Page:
We have done considerable work to improve the experience of running Meridian 2023 on OpenShift in particular. This work is ongoing, and we will continue to expand and improve the set of available deployment artifacts throughout the life cycle of Meridian 2023. If you run into problems in an OpenShift environment that are not reproducible in other Kubernetes distributions, please log an issue report in Jira.
We have added configurations for thresholding on collectd and pollerd threads.
Initial support has been added for performing configuration backups of infrastructure devices like routers and switches. Backups are performed as part of polling the device, and can be viewed (and triggered) in the web UI.
You can now validate credentials stored in the secure credential vault with the
scv-validate Karaf command.
Additionally, support for encrypted credentials has been extended to more places inside Meridian, most notably in metadata interpolation.
Also, a REST API endpoint has been added for accessing and updating the secure credentials vault.
The XML collector can now treat a collected value as an enumerated value, which lets you convert strings into integers to store as a gauge.
It is now possible to passively "collect" data from incoming events as time-series data, including those that come from traps or syslog. The eventconf has additional options to configure what data to collect from parameters including regular-expression matches.
BgpSessionMonitorcan now be configured to use a custom OID prefix for devices that publish peer tables in a non-standard location.
Additions or updates to graphs and collections have been made for:
A new configuration management REST service has been added at
/rest/cm, and a small number of configuration files have been migrated from XML in the filesystem to the underlying configuration repository.
Improvements have been made to the criteria querying API to support "Multi-And" and regexp restrictions, allowing for queries involving multiple event parameters, or complex string matching.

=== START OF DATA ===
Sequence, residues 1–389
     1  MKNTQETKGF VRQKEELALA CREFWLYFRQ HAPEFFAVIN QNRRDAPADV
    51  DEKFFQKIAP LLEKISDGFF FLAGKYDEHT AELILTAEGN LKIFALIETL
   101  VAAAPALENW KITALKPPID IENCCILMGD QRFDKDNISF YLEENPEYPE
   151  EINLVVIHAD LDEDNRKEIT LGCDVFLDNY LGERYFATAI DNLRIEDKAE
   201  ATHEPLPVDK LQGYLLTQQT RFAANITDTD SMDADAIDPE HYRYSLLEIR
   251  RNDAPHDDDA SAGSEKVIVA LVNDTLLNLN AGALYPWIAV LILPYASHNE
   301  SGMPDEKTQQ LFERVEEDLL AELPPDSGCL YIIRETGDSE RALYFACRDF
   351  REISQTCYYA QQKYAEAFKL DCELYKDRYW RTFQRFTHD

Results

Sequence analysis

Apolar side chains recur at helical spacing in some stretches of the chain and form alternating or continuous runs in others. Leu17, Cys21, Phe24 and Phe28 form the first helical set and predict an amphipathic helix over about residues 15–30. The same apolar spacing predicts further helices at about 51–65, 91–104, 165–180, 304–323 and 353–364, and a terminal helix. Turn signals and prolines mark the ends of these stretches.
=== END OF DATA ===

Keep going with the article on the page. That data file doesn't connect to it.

Our documentation team has grown, and has been doing unspeakable amounts of work cleaning up, expanding, and improving the documentation.
Notable additions include:
A new Quick Start Guide that provides simple steps to set up basic monitoring with a minimal configuration of Meridian.
Developer documentation for OSGi in OpenNMS, the OpenNMS Plugin API (formerly OIA), the config management API, device config backup APIs, and the Health REST service.
Operation documentation updates relating to SNMP property extenders, performance data and collection, thresholding, the log file viewer, SCV, and the new UI preview.
Documentation improvements regarding "housekeeping" and other administrative tasks, alarms, Business Service Monitoring, Passive Status Monitoring, and more.
We have improved support for pre-authenticated use cases in the Meridian web UI, making it easier to use an external reverse proxy to integrate Meridian with a variety of identity providers such as Azure Active Directory, Keycloak, or Okta.
For example, Apache HTTPD with
mod_auth_mellon may be used to integrate via SAMLv2 with the Azure Active Directory IdP. More details are available in the documentation.
If you are using the virtual, 1U, or mini Appliance, you will now see additional performance data collected from your appliances via SNMP. This new capability is fully automatic, with no action is required to configure SNMP on Appliance nodes.